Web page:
This New Yorker essay has some interesting thoughts about where romantic comedies are going.
His beard is haphazard and unintentional, and he dresses in sweats, or in shorts and a T-shirt, or with his shirt hanging out like the tongue of a Labrador retriever. He’s about thirty, though he may be younger, and he spends a lot of time with friends who are like him, only more so—sweet-natured young men of foul mouth, odd hair, and wanker-mag reading habits. When he’s with them, punched beer cans and bongs of various sizes lie around like spent shells; alone, and walrus-heavy on his couch, he watches football, basketball, or baseball on television, or spends time memorializing his youth—archiving old movies, games, and jokes. Like his ancestors in the sixties, he’s anti-corporate, but he’s not bohemian (his culture is pop). He’s more like a sullen back-of-the-classroom guy, who breaks into brilliant tirades only when he feels like it. He may run a used-record store, or conduct sightseeing tours with a non-stop line of patter, or feed animals who then high-five him with their flippers, or teach in a school where he can be friends with all the kids, or design an Internet site that no one needs. Whatever he does, he hardly breaks a sweat, and sometimes he does nothing at all. He may not have a girlfriend, but he certainly likes girls—he’s even, in some cases, a hetero blade, scoring with tourists or love-hungry single mothers. But if he does have a girlfriend she works hard. Usually, she’s the same age as he is but seems older, as if the disparity between boys and girls in ninth grade had been recapitulated fifteen years later. She dresses in Donna Karan or Ralph Lauren or the like; she’s a corporate executive, or a lawyer, or works in TV, public relations, or an art gallery. She’s good-tempered, honest, great-looking, and serious. She wants to “get to the next stage of life”—settle down, marry, maybe have children. Apart from getting on with it, however, she doesn’t have an idea in her head, and she’s not the one who makes the jokes.
When she breaks up with him, he talks his situation over with his hopeless pals, who give him bits of misogynist advice. Suddenly, it’s the end of youth for him. It’s a crisis for her, too, and they can get back together only if both undertake some drastic alteration: he must act responsibly (get a job, take care of a kid), and she has to do something crazy (run across a baseball field during a game, tell a joke). He has to shape up, and she has to loosen up.
There they are, the young man and young woman of the dominant romantic-comedy trend of the past several years—the slovenly hipster and the female straight arrow. The movies form a genre of sorts: the slacker-striver romance. Stephen Frears’s “High Fidelity” (2000), which transferred Nick Hornby’s novel from London to Chicago, may not have been the first, but it set the tone and established the self-dramatizing underachiever as hero. Hornby’s guy-centered material also inspired “About a Boy” and “Fever Pitch.” Others in this group include “Old School,” “Big Daddy,” “50 First Dates,” “Shallow Hal,” “School of Rock,” “Failure to Launch,” “You, Me and Dupree,” “Wedding Crashers,” “The Break-Up,” and—this summer’s hit—“Knocked Up.” In these movies, the men are played by Vince Vaughn, Owen Wilson, Adam Sandler, John Cusack, Jimmy Fallon, Matthew McConaughey, Jack Black, Hugh Grant, and Seth Rogen; the women by Drew Barrymore, Jennifer Aniston, Kate Hudson, Sarah Jessica Parker, and Katherine Heigl. For almost a decade, Hollywood has pulled jokes and romance out of the struggle between male infantilism and female ambition.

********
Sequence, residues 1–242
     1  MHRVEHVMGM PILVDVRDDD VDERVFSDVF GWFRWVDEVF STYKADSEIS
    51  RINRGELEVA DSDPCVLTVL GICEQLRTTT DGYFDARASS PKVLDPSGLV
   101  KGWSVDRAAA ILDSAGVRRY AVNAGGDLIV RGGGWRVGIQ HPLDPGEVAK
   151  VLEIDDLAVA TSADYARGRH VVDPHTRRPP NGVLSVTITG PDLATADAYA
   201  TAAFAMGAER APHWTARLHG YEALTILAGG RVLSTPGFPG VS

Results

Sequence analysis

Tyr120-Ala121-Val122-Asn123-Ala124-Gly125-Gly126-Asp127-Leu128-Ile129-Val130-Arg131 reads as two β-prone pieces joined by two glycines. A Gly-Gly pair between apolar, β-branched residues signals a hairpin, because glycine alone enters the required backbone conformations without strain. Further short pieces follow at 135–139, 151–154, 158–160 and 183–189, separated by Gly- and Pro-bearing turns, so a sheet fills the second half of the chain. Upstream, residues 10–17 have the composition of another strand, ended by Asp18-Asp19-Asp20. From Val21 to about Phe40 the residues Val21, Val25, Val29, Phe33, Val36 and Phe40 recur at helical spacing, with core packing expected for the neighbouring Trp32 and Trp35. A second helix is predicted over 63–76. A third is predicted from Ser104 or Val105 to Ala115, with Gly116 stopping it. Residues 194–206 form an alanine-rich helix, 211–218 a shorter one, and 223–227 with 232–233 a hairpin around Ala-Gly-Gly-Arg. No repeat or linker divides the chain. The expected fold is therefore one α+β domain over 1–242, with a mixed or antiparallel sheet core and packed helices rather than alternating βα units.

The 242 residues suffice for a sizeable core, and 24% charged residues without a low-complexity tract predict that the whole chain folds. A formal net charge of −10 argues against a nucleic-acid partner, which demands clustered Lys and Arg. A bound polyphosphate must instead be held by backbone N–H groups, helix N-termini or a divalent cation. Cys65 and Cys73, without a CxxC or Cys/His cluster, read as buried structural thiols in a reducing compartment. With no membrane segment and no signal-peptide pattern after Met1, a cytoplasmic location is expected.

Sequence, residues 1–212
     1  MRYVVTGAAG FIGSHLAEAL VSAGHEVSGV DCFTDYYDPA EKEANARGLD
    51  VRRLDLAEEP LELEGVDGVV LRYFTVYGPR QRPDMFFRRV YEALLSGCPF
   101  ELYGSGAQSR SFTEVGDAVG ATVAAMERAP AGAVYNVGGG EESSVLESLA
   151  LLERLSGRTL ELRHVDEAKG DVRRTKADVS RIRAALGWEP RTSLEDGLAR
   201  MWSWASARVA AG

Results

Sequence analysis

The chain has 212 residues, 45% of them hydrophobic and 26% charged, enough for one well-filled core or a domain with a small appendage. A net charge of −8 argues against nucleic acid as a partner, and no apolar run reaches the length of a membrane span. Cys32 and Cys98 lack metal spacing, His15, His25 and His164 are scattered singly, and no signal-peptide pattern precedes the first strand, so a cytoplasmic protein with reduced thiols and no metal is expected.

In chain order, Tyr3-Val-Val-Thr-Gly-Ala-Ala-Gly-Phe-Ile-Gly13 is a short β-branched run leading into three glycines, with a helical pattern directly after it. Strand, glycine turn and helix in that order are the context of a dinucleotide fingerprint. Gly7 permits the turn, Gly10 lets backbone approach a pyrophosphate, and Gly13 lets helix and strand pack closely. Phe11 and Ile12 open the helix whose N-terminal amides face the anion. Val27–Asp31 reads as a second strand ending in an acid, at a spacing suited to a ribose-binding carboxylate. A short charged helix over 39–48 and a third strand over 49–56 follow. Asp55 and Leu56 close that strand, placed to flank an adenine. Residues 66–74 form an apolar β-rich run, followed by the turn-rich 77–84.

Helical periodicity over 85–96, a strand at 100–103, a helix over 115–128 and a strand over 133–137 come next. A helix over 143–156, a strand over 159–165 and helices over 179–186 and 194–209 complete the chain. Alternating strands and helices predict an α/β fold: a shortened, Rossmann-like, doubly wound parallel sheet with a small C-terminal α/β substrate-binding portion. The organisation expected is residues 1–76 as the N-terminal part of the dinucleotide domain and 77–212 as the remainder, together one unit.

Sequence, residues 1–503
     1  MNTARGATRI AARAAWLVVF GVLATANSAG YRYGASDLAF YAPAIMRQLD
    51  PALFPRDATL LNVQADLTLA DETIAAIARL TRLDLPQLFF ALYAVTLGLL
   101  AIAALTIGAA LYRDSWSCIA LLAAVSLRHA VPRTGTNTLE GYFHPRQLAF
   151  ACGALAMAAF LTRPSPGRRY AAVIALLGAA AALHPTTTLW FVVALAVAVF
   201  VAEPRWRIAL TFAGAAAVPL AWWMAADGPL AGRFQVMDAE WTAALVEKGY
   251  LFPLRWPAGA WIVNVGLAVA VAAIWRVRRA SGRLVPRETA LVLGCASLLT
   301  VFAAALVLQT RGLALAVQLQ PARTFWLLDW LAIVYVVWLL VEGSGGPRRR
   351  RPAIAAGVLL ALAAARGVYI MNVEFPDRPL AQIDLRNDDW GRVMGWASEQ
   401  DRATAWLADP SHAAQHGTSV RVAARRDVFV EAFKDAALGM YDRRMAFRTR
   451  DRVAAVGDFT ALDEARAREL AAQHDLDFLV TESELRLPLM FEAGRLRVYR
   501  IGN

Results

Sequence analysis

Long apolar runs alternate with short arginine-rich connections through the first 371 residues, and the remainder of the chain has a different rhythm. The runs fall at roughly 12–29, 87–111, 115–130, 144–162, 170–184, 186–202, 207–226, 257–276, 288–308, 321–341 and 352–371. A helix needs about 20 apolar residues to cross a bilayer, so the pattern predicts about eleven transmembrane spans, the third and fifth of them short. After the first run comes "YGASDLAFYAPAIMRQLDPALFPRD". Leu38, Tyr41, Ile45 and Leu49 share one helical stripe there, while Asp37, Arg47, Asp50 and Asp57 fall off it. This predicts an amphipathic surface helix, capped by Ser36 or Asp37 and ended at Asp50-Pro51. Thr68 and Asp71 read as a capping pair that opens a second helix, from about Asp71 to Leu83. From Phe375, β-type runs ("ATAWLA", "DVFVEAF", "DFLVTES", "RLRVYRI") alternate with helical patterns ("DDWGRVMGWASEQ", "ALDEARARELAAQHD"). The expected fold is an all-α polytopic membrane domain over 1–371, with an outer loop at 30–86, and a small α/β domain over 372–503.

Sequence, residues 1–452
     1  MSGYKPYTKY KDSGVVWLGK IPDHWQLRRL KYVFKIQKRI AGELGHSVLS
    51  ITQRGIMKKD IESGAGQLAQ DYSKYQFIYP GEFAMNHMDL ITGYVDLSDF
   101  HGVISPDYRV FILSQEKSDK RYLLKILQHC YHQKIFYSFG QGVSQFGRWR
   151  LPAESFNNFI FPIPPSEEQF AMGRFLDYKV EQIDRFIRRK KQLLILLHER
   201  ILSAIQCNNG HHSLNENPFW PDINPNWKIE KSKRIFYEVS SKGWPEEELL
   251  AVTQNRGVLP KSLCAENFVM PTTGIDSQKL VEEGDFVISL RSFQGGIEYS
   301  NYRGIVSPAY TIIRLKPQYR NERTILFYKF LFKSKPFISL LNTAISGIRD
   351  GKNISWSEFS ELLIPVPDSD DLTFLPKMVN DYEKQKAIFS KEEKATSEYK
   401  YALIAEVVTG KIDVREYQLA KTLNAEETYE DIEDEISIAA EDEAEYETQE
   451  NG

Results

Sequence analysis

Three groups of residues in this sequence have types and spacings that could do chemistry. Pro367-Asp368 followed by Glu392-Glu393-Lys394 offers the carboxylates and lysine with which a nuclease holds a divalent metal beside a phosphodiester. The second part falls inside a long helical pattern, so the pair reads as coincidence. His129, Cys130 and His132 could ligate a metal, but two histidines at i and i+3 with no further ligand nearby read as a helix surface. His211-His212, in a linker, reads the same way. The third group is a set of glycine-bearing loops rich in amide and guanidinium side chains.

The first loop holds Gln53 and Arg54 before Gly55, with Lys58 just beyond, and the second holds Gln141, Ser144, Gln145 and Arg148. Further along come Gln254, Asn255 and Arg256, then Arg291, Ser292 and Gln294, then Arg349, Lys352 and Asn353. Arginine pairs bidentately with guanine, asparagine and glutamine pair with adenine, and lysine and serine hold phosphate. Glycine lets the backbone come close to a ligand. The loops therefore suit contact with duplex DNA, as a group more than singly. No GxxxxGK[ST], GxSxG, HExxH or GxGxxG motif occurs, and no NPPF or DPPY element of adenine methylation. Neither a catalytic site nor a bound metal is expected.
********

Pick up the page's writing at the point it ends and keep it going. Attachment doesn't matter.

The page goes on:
The best directors of romantic comedy in the nineteen-thirties and forties—Frank Capra, Gregory La Cava, Leo McCarey, Howard Hawks, Mitchell Leisen, and Preston Sturges—knew that the story would be not only funnier but much more romantic if the fight was waged between equals. The man and woman may not enjoy parity of social standing or money, but they are equals in spirit, will, and body. As everyone agrees, this kind of romantic comedy—and particularly the variant called “screwball comedy”—lifted off in February, 1934, with Frank Capra’s charming “It Happened One Night,” in which a hard-drinking reporter out of a job (Clark Gable) and an heiress who has jumped off her father’s yacht (Claudette Colbert) meet on the road somewhere between Florida and New York. Tough and self-sufficient, Gable contemptuously looks after the spoiled rich girl. He’s rude and overbearing, and she’s miffed, but it helps their acquaintance a little that they are both supremely attractive—Gable quick-moving but large and, in his famous undressing scene, meaty, and Colbert tiny, with a slightly pointed chin, round eyes, and round breasts beneath the fitted striped jacket she buys on the road. When she develops pride, they become equals.
As fascinating and as funny as “Knocked Up” is, it represents what can only be called the disenchantment of romantic comedy, the end point of a progression from Fifth Avenue to the Valley, from tuxedos to tube socks, from a popped champagne cork to a baby crowning. There’s nothing in it that is comparable to the style of the classics—no magic in its settings, no reverberant sense of place, no shared or competitive work for the couple to do. Ben does come through in the end, yet, if his promise and Alison’s beauty make them equal as a pair, one still wants more out of Alison than the filmmakers are willing to provide. She has a fine fit of hormonal rage, but, like the other heroines in the slacker-striver romances, she isn’t given an idea or a snappy remark or even a sharp perception. All the movies in this genre have been written and directed by men, and it’s as if the filmmakers were saying, “Yes, young men are children now, and women bring home the bacon, but men bring home the soul.”
I guess how the genre ended up this way is a separate question. Don’t know there.